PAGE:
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Cohen, Hermann (1842–1918)

DOI
10.4324/9780415249126-J038-1
DOI: 10.4324/9780415249126-J038-1
Version: v1,  Published online: 1998
Retrieved February 29, 2024, from https://www.rep.routledge.com/articles/biographical/cohen-hermann-1842-1918/v-1

1. Life and work

Hermann Cohen was the son of a cantor in the provincial town of Coswig in the state of Anhalt. He abandoned his rabbinical studies at the Jewish Theological Seminary (Breslau) after witnessing the rift between reform and orthodox Jews over the divine revelation of the Mishnah (the ancient code of rabbinic law). Seeking orientation in the conflict between religion and modern consciousness, Cohen turned to philosophy and the sciences. After receiving his doctorate at Halle in 1865, he published studies on mythological, philosophical and aesthetic topics (God and the soul, Plato’s theory of Forms), influenced by the then compelling idea of a ‘mechanism of consciousness’; but he gradually abandoned the methodologies of Helmholtz and Steinthal and immersed himself in the philosophy of Kant. His 1871 exposition of Kant’s first critique, Kants Theorie der Erfahrung (Kant’s Theory of Experience), brought him to the centre of the Neo-Kantian movement and led to his appointment as a Privatdozent at Marburg. Subsequent publications, especially Kants Begründung der Ethik nebst ihren Anwendungen auf Recht, Religion und Geschichte (Kant’s Justification of Ethics and its Application to Law, Religion and History) (1877) and Das Prinzip der Infinitesimalmethode (The Principle of the Method of Infinitesimals) (1883) made original contributions to Kantian thought. Cohen’s mature philosophical system follows the classic structure of Kant’s three critiques but projects a fourth part, on psychology, and seeks to establish a ‘critical idealism’ faithful in broad outline to the tradition of Plato, Descartes, Leibniz and Kant. Cohen ascribed the continuity of this tradition to a perennial philosophical problematic that arises from the idealism inherent in scientific thought.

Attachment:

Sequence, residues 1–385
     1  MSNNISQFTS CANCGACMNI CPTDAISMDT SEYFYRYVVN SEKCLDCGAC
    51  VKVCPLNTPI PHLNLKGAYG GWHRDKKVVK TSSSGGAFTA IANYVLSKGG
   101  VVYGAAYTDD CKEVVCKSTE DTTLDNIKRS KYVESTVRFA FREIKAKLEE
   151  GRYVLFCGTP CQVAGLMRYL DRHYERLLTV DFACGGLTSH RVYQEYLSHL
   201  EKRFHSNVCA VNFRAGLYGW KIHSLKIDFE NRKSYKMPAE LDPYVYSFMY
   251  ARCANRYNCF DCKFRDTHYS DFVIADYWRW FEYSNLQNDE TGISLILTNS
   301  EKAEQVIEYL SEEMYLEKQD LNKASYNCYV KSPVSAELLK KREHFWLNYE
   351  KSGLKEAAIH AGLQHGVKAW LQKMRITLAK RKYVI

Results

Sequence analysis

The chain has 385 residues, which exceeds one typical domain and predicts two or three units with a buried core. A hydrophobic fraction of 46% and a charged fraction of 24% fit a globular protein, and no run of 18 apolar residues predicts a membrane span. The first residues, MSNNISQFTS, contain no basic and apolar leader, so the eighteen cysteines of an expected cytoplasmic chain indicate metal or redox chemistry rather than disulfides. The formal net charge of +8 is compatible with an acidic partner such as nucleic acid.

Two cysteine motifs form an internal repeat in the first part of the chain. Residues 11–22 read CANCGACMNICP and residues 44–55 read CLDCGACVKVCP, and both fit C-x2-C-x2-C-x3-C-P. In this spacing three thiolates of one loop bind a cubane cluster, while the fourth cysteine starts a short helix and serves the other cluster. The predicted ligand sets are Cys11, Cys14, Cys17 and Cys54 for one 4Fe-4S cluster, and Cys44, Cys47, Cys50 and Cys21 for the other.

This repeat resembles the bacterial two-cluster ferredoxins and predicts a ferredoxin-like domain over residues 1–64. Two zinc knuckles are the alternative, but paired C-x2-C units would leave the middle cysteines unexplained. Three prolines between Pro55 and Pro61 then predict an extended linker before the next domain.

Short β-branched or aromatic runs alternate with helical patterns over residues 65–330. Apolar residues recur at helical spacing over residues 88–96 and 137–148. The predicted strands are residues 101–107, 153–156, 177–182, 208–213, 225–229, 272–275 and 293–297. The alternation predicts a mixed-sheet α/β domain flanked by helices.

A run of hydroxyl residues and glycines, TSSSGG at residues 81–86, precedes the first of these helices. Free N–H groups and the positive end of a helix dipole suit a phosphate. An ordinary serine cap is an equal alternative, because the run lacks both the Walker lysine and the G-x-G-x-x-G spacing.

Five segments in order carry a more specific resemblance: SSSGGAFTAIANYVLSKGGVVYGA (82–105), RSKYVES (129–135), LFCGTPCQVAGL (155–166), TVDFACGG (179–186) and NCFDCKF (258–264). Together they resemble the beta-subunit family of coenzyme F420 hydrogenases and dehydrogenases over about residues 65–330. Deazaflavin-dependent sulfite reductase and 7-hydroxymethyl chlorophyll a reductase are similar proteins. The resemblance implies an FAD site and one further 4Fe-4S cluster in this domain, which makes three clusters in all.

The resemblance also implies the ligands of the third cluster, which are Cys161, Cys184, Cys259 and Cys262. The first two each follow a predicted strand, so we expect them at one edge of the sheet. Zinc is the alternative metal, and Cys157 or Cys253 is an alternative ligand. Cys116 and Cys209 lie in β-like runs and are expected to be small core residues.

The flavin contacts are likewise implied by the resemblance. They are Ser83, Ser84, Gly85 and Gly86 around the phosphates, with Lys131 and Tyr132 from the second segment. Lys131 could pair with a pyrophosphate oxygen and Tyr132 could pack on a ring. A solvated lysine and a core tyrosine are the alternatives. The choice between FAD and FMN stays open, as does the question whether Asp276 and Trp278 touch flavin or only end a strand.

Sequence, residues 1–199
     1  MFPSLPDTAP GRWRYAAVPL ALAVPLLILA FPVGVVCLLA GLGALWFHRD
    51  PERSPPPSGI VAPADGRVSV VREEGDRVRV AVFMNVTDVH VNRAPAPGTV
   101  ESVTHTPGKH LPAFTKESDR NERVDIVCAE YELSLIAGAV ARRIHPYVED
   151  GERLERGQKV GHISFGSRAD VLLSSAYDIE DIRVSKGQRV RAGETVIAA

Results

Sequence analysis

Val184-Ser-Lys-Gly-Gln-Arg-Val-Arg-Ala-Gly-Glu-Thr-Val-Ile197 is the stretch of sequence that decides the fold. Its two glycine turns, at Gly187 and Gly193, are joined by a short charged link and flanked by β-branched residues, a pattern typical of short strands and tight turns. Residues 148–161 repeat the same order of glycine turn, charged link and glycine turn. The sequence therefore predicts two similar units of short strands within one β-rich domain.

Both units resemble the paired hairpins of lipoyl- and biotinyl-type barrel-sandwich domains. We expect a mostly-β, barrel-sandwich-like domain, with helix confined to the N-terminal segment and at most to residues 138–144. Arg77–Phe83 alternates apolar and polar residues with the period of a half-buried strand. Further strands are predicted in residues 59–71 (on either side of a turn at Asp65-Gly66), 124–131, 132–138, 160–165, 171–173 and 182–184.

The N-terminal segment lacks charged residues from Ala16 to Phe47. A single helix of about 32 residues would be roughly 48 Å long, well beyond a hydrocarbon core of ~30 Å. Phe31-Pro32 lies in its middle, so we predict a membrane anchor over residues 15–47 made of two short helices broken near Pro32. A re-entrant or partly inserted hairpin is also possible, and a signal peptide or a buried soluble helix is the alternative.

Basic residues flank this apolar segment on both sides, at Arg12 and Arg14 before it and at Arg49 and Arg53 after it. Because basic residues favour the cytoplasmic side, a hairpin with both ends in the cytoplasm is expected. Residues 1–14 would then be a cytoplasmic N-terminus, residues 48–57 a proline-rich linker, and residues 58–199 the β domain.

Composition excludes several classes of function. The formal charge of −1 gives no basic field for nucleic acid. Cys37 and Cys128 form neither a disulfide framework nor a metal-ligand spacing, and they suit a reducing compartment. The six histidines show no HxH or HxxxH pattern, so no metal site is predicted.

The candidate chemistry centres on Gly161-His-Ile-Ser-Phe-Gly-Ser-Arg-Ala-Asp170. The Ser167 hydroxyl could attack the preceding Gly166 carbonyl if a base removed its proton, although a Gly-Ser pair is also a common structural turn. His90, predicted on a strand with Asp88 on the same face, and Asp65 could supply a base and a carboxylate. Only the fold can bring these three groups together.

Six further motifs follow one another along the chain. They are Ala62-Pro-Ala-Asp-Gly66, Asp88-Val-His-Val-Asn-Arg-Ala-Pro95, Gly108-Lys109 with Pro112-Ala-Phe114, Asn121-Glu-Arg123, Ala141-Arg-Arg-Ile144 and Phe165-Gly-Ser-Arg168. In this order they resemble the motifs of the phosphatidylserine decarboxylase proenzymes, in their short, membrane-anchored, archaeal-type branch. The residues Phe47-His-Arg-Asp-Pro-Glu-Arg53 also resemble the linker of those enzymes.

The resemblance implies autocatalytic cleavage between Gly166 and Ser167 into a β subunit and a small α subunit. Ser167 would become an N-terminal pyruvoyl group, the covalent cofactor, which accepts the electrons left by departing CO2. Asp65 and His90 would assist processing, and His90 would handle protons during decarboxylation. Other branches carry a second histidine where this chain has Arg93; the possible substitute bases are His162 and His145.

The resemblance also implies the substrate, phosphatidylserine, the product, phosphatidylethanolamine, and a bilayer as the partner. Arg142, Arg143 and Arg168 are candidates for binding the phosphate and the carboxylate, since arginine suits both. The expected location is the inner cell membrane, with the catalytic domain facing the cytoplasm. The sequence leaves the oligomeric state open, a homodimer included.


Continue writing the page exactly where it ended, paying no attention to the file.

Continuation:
The Marburg School, represented by Cohen and his colleague Paul Natorp, attracted students from as far away as St Petersburg (Boris Pasternak) and Madrid (Ortega y Gasset). Those who became philosophers – Ernst Cassirer, Nicolai Hartmann, Heinz Heimsoeth and Hans-Georg Gadamer – gradually emancipated themselves from Marburg Neo-Kantianism. But the tendency of some philosophers to ignore Cohen’s contributions expressed ideological biases – thus Heidegger’s 1929 verdict of having ‘overcome’ Neo-Kantianism.

In 1876 Cohen succeeded his mentor Friedrich Albert Lange, author of the Geschichte des Materialismus und Kritik seiner Bedeutung in der Gegenwart (History of Materialism), to a highly visible position as practically the only non-baptized Jew to hold a chair in philosophy at a Prussian university. Three years later he found himself compelled to defend Judaism against the charges of Heinrich von Treitschke that it was alien to the values of German culture. From then on, Cohen’s public engagement on behalf of Judaism and Judaic studies increased steadily, extending in time to the renewal of Jewish religious philosophy, a field often neglected among the more historically oriented disciplines of Wissenschaft des Judentums (the ‘Science of Judaism’).

From 1903 Cohen was active in the Hochschule für die Wissenschaft des Judentums in Berlin, where, after retiring from Marburg, he lectured on the biblical prophets, the Psalms, the Greek philosophical roots of medieval Jewish thought, Maimonides, Descartes, and philosophical psychology (see Maimonides, M.). Shortly before his death, Cohen also helped found an academy dedicated to the science of Judaism, at the suggestion of his former student Franz Rosenzweig.

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Citing this article:
Zank, Michael. Life and work. Cohen, Hermann (1842–1918), 1998, doi:10.4324/9780415249126-J038-1. Routledge Encyclopedia of Philosophy, Taylor and Francis, https://www.rep.routledge.com/articles/biographical/cohen-hermann-1842-1918/v-1/sections/life-and-work-82702.
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